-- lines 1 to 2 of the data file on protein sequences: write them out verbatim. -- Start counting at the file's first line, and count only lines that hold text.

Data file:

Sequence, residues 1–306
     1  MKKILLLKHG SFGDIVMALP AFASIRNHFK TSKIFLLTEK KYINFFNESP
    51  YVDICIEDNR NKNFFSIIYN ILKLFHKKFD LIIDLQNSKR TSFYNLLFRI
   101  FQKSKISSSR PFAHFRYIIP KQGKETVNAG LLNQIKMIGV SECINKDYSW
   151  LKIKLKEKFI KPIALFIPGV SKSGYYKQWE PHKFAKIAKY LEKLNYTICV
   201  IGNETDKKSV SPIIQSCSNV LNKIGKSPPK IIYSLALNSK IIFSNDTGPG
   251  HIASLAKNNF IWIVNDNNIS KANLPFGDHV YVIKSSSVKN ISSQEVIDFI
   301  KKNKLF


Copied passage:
Sequence, residues 1–306
     1  MKKILLLKHG SFGDIVMALP AFASIRNHFK TSKIFLLTEK KYINFFNESP